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Thread: Dry mounting and the “orange peel” effect

  1. #1

    Join Date
    Feb 1999
    Posts
    747

    Dry mounting and the “orange peel” effect

    I just dry mounted a black-and-white fiber based print (glossy surface) onto a smooth mat board, and I see what’s been described as the “orange peel” effect on the surface. I only see it if I hold the print at a certain angle to the light. It’s not especially objectionable; you have to really look for it to see it, but it’s there.
    To compare, I looked at some prints that I hinge mounted with tape, and I see the same effect, but slightly less pronounced.
    Is this just a normal characteristic of fiber-based glossy paper? I’m using Ilford Multigrade Classic, which I really like.
    I thought maybe the dry mounting process somehow caused it, but I do see it on my prints that haven’t been dry mounted.
    Also, I don’t have any “release paper”, so I used a clean piece of smooth mat board to protect the print in the press. Could that have caused the effect?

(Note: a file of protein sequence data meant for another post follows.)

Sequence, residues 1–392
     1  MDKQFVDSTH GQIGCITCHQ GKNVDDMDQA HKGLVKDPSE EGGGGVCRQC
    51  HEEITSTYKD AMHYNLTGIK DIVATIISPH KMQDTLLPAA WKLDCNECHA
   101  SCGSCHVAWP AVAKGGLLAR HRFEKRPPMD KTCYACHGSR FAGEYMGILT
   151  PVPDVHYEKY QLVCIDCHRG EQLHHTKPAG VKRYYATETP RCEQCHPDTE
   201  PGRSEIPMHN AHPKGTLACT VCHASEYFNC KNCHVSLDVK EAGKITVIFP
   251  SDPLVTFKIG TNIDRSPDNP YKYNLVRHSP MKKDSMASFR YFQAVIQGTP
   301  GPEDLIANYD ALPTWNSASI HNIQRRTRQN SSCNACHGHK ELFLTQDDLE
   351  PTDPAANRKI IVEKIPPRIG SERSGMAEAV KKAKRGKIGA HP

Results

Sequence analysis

2. #2
    bob carnie's Avatar
    Join Date
    Jan 2004
    Location
    Toronto, Ontario,
    Posts
    4,567

    Re: Dry mounting and the “orange peel” effect

    Yes , also depending on how much pressure you give... when pressing prints I error on a hotter press with less pressure and time.

  3. #3
    Drew Wiley
    Join Date
    Sep 2008
    Location
    SF Bay area, CA
    Posts
    14,212

    Re: Dry mounting and the “orange peel” effect

    All fiber-based papers have a degree of texture to them; likewise, all fiber mounting boards. The glossier the paper surface, the more apparent this will be with harsh incident lighting, which we would normally use only for nitpicky inspection rather than display. Basically a non-issue unless you're talking about ferrotyped prints or true high gloss ones on plastic rather than paper base. RC and poly-based prints don't do well with drymounting anyway. Release board should never be used atop a FB print when pressing - sometimes the silicone can transfer into the emulsion and leave an unremovable blemish. Using clean ragboard instead is correct. Likewise, silicone release paper should only be used to isolate mounting tissue from the heat source, to prevent the tissue from adhering to a tacking iron, platen surface etc. Release board is designed for (heaven help you) trying to preserve the gloss of RC paper when drymounting, but you'll still get orangepeel.

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